Since its founding in 2001, Platform has been continually evolving and morphing to respond to the creative output of its founder, Zach Hadlock - an artist, designer and craftsman.
Raised in Utah, Zach grew up working in his father's foundry and assisting him in his studio. At a young age, he became proficient in many aspects of metal work and used this experience to form the basis of his own sculptures. While studying art at the University of Utah, he exhibited his work at galleries and arts centers in Salt Lake City.
Zach began his move East in 1995 and lived in Ohio where he was the studio director for Ann Hamilton – and during the next five years he managed numerous major projects including her presentation at the Venice Biennale and museum commissions and installations around the world.
In 1997, he moved to New York to attend the fine arts graduate program at Bard College where he earned an MFA in sculpture. In 2000 he was a resident artist at Skowhegan and the following year received a NYFA fellowship.
During this time, he increased his vocabulary of materials and methodologies and exhibited his artwork at venues such as Spaces Gallery in Cleveland, Ohio; Sculpture Center in Long Island City, New York; and Exit Art in New York City. He also fabricated artworks, created installations and managed large scale projects for many renowned artists.
Zach established Platform Furniture and Fabrication as he further expanded his scope of work to include designing and producing furniture and house wares.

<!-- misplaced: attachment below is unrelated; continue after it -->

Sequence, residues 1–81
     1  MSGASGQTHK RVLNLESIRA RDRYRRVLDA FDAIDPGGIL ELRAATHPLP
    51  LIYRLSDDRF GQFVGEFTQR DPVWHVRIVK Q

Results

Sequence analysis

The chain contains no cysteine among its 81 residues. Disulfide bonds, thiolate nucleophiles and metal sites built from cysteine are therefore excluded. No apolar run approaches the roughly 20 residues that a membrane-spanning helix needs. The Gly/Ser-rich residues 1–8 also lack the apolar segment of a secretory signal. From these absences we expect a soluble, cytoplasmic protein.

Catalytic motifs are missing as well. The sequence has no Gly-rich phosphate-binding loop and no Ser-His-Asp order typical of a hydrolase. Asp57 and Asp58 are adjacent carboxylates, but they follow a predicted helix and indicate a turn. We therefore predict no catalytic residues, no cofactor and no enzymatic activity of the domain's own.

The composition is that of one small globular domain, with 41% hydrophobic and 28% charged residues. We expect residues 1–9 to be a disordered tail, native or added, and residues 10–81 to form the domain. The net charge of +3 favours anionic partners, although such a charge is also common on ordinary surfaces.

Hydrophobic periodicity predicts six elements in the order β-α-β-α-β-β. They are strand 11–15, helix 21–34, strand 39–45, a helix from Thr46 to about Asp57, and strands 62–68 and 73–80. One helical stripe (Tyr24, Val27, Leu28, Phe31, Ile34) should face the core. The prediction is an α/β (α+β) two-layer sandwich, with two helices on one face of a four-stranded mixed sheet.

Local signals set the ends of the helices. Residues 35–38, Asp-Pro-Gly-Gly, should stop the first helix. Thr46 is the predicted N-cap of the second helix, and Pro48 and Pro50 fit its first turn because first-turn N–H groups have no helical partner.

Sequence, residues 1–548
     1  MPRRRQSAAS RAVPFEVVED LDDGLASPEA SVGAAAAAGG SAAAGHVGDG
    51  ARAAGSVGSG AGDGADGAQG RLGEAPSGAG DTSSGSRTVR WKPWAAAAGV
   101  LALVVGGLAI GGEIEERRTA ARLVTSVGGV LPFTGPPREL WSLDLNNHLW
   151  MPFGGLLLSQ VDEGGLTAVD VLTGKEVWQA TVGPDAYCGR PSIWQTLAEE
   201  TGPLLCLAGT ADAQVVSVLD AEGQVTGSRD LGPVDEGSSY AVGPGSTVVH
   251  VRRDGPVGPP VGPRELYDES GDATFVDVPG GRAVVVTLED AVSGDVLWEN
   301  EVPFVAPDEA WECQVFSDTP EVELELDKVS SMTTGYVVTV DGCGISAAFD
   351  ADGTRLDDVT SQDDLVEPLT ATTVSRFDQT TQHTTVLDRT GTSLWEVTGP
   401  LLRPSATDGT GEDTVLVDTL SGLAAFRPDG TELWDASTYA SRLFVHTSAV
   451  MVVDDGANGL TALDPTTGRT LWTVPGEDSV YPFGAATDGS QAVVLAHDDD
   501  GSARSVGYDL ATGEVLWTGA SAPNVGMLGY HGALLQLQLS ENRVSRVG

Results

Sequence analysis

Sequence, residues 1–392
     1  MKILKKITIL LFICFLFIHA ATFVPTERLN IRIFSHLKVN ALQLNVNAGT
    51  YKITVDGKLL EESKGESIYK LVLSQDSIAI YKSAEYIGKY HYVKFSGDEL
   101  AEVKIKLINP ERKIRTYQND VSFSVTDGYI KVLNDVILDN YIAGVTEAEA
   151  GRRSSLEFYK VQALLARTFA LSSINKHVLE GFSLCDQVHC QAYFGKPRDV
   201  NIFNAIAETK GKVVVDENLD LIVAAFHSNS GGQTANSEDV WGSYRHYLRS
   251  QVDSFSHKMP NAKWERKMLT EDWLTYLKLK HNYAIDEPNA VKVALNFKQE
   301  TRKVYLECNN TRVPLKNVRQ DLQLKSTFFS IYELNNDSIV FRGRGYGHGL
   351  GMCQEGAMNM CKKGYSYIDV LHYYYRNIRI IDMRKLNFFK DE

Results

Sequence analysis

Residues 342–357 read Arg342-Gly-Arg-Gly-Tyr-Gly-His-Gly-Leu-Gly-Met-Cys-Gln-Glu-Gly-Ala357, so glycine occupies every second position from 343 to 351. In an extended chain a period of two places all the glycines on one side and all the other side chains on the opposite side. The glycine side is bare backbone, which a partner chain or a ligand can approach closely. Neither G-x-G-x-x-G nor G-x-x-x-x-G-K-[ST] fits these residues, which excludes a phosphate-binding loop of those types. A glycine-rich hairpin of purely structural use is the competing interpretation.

During the next few years, Platform specialized in custom furniture characterized by both elegance and functionality, using the highest quality materials – including locally sourced hardwoods – to create pieces that are expertly crafted and meticulously hand finished.
Drawing on influences from American Colonial and Shaker furniture to Minimalist sculpture and Danish modern design, Platform became highly sought after for work that is characterized by a clean, contemporary aesthetic and informed by the quality and tradition of American woodworking.
During this time, in addition to Zach¹s own furniture, and table top items in ceramic, metal and wood, Platform produced work in collaboration with many notable architects and designers.
In 2005, The Noguchi Museum commissioned Zach to produce a special limited re-edition of the lacquered wood and aluminum chess table that Isamu Noguchi prototyped in 1944. Continuing this relationship, the Museum now features Zach’s oxidized oak bowls in their store.
In 2011, Zach relocated Platform from Bushwick, Brooklyn to the Hudson Valley. That year, hurricane Irene and the next year, hurricane Sandy, brought down many trees in the area and Zach began salvaging and seasoning the wood that he is now using to make sculpture and kitchen ware.
And once again, with this move, Platform was reinvented as Zach returned to his studio practice while also producing the turned bowls, hand carved spoons and other tabletop items that he sells at his local farmer's market.